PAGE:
Letter

The subtle origins of surface-warming hiatuses

  • Nature Climate Change volume 7, pages 336339 (2017)
  • doi:10.1038/nclimate3274
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Abstract

During the first decade of the twenty-first century, the Earth’s surface warmed more slowly than climate models simulated1. This surface-warming hiatus is attributed by some studies to model errors in external forcing2,3,4, while others point to heat rearrangements in the ocean5,6,7,8,9,10 caused by internal variability, the timing of which cannot be predicted by the models1. However, observational analyses disagree about which ocean region is responsible11,12,13,14,15,16. Here we show that the hiatus could also have been caused by internal variability in the top-of-atmosphere energy imbalance. Energy budgeting for the ocean surface layer over a 100-member historical ensemble reveals that hiatuses are caused by energy-flux deviations as small as 0.08 W m−2, which can originate at the top of the atmosphere, in the ocean, or both. Budgeting with existing observations cannot constrain the origin of the recent hiatus, because the uncertainty in observations dwarfs the small flux deviations that could cause a hiatus. The sensitivity of these flux deviations to the observational dataset and to energy budget choices helps explain why previous studies conflict, and suggests that the origin of the recent hiatus may never be identified.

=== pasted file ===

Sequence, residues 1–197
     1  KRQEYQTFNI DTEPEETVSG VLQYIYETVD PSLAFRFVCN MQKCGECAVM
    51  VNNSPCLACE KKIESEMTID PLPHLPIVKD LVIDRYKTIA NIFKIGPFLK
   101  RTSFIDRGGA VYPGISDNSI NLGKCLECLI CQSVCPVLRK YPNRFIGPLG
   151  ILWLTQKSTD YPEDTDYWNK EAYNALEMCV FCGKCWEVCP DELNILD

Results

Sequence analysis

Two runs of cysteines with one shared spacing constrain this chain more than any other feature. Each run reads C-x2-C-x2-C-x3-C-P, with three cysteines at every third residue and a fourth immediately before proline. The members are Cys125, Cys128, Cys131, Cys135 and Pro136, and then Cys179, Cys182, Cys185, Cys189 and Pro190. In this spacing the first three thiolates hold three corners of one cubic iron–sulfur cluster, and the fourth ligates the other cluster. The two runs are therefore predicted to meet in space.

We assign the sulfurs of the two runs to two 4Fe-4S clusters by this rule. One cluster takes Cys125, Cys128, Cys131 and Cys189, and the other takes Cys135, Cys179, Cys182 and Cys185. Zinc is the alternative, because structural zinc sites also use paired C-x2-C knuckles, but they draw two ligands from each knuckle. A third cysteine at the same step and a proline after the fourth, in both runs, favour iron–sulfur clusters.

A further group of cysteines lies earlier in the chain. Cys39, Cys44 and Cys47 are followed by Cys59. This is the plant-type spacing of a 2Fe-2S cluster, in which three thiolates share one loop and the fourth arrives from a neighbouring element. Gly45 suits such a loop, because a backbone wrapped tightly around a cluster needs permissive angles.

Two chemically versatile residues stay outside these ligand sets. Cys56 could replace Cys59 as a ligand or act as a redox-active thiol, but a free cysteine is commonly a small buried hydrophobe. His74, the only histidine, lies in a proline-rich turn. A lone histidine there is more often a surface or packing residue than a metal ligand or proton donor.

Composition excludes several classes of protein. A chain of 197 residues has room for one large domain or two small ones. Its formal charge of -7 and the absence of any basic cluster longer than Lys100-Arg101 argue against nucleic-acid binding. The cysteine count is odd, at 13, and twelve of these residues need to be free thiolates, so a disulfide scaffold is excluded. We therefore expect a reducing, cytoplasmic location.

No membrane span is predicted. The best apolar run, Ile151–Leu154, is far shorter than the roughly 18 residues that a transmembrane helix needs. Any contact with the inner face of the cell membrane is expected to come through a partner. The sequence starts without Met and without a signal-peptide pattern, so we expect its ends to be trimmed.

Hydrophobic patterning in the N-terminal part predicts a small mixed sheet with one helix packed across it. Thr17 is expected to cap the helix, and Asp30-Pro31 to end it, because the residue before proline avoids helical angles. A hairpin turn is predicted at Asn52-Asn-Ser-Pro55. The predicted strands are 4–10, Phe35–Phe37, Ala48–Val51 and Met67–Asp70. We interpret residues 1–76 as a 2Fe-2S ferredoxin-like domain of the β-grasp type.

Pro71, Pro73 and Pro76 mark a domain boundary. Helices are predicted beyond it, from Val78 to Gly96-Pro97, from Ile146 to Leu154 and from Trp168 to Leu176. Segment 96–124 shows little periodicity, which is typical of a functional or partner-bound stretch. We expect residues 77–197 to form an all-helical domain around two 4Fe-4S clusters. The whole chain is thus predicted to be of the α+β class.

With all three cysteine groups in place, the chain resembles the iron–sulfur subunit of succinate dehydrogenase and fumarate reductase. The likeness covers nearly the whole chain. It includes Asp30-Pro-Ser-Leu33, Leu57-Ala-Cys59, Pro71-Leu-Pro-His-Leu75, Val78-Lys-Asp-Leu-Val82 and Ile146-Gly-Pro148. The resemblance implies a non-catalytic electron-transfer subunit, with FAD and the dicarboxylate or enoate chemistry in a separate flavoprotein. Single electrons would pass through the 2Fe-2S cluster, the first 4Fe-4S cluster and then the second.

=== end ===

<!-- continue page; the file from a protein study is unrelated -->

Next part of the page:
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Acknowledgements

This work is supported by the Max Planck Society for the Advancement of Science through the International Max Planck Research School on Earth System Modelling (IMPRS-ESM). J.J. acknowledges support from the European Union’s Horizon 2020 research and innovation programme (grant agreement no 633211). We thank H. Haak for his technical assistance, H. Zuo and D. Peterson for providing the NEMO grid configuration, and B. Stevens and C. Li for their comments on the manuscript. We are indebted to L. Kornblueh for producing the large historical ensemble and to T. Schulthess and the Swiss National Computing Centre (CSCS) for providing the necessary computational resources. Thanks also to J. Kröger for producing the RCP4.5 extensions with the Deutsches Klimarechenzentrum (DKRZ) facilities.

Author information

Affiliations

  1. Max-Planck-Institut für Meteorologie, Bundestraße 53, 20146 Hamburg, Germany

    • Christopher Hedemann
    • , Thorsten Mauritsen
    • , Johann Jungclaus
    •  & Jochem Marotzke
  2. International Max Planck Research School on Earth System Modelling, Max-Planck-Institut für Meteorologie, Bundestraße 53, 20146 Hamburg, Germany

    • Christopher Hedemann

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Contributions

C.H. and J.M. conceived the original idea for this study. C.H. developed the methodology and performed the analysis. All authors discussed the results. C.H. wrote the manuscript with input from J.M., T.M. and J.J.

Competing interests

The authors declare no competing financial interests.

Corresponding author

Correspondence to Christopher Hedemann.

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